Drug laws in Missouri are codified in the Comprehensive Drug Control Act. This Act consists of Chapter 195 (Drug Regulations) and Chapter 579 (Controlled Substance Offenses). Chapter 195 creates a list of controlled substances divided into schedules from I to V, with Schedule I being those with no acceptable medical use and a high potential for addiction and abuse. The other schedules contain drugs with legitimate medical uses and are grouped based on their likelihood to lead to abuse and addiction with Schedule V being the least likely. Any substance listed in any of the schedules is illegal to knowingly possess except as authorized by law. Interestingly, marijuana is in Schedule I with heroin and LSD while cocaine is in Schedule II. The schedules are for regulatory purposes and are not used to determine punishment. In other words, there is not a different range of punishment for possession of a Schedule V drug than there is for a Schedule I per se.
Punishments and other criminal issues are dealt with in Chapter 579. Possession of any amount of a controlled substance other than less than 35 grams of marijuana is a class D felony punishable by up to 7 years in prison and/or a fine of up to $10,000. Possession of larger amounts of certain controlled substances can lead to trafficking second degree charges with significantly higher consequences. Punishments for marijuana or any synthetic cannabinoid are:
- More than 10 grams but less than 35 grams is a class A misdemeanor punishable by up to 1 year in jail and/or a fine of up to $2000.
- 10 grams or less is a class D misdemeanor punishable by a fine of up to $500 unless
- The defendant is a prior drug offender, in which case it is a class A misdemeanor.
Many defendants feel like there is not much they can do to get out of a drug case. After all, they reason, the police have proof of the existence of a controlled substance and, presumably, solid evidence that the defendant was in possession of said substance. They think the best they can hope for is a diversion program or a favorable plea deal. Nothing could be further from the truth. Drug possession law is complicated and the state actually has a fairly high burden of proof. A good criminal defense lawyer can sometimes use fine distinctions within the law to get a dismissal or a win at trial. These distinctions often involve issues regarding the state's ability to actually prove that the defendant was knowingly in possession of a controlled substance.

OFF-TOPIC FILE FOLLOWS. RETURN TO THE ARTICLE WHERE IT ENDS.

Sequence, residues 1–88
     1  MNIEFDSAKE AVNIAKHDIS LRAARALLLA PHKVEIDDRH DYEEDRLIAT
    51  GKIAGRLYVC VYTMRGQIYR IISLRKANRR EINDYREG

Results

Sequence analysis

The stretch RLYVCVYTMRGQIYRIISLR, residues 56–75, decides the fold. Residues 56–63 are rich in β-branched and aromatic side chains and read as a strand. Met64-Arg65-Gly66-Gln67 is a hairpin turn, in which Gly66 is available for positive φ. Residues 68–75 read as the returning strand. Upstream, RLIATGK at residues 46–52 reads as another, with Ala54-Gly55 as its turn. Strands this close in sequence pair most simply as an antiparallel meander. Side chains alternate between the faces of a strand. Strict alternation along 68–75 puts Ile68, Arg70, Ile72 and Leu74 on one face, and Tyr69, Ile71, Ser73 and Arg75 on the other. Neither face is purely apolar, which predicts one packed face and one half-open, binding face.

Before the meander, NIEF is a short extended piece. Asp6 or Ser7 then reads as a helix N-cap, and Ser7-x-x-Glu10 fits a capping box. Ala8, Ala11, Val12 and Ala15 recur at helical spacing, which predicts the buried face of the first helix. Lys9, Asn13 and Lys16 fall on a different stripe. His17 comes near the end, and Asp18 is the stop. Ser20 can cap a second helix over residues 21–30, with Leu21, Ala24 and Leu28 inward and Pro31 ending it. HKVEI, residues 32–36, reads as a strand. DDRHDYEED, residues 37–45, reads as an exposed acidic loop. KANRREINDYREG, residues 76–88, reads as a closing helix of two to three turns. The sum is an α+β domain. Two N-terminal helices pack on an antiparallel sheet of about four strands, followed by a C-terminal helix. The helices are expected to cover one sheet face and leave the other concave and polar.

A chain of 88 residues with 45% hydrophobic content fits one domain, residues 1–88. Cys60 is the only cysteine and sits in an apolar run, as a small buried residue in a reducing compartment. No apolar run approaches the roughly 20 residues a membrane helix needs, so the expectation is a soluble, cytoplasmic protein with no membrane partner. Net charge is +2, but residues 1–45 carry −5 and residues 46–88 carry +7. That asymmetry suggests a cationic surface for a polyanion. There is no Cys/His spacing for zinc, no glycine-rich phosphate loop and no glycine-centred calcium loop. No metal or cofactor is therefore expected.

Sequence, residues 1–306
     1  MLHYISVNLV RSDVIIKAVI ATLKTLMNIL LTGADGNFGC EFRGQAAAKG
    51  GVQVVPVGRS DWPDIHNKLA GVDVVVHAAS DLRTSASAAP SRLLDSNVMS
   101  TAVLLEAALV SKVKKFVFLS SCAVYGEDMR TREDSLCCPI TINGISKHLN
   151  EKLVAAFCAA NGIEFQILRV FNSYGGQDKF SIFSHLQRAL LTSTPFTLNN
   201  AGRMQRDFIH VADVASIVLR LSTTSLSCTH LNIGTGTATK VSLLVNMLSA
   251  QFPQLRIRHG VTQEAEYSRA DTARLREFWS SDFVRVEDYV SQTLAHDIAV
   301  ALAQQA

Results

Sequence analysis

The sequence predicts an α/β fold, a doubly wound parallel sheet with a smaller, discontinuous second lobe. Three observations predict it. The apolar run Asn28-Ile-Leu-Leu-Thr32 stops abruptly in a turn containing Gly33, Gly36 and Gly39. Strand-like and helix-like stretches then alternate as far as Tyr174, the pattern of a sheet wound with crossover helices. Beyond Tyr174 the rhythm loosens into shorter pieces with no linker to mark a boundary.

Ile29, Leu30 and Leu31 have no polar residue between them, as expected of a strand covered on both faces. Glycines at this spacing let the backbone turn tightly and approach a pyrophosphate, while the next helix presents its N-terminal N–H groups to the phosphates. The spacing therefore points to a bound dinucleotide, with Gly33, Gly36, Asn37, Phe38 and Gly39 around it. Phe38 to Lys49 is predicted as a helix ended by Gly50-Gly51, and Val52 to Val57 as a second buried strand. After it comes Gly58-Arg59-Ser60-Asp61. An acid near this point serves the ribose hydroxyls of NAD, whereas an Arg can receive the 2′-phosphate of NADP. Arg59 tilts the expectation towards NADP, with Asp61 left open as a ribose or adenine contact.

What Constitutes “Possession” of Drugs?
Missouri criminal law holds that a person is considered to be in possession of a controlled substance if, with knowledge of the presence and nature of a substance, they have actual or constructive possession of the substance. This may seem straightforward at first glance, but there is a lot going on here. Critically, it means that having possession of drugs does not mean that you are guilty of possessing drugs if you were not aware of the presence of the drugs or did not know of the nature of the drugs. An experienced criminal defense lawyer can sometimes make a case based on this. Additionally, laws regarding constructive possession are complicated and filled with subtleties that often allow for a good defense.
Actual possession is relatively easy to understand. Missouri law says that a person has actual possession if they have a substance on their person or within easy reach and convenient control. The most common real world example of this is when police find drugs in someone's pocket or purse. Actual possession cases are hard for a defense lawyer to fight just on the basis of possession; often they must focus on search, knowledge or testing issues.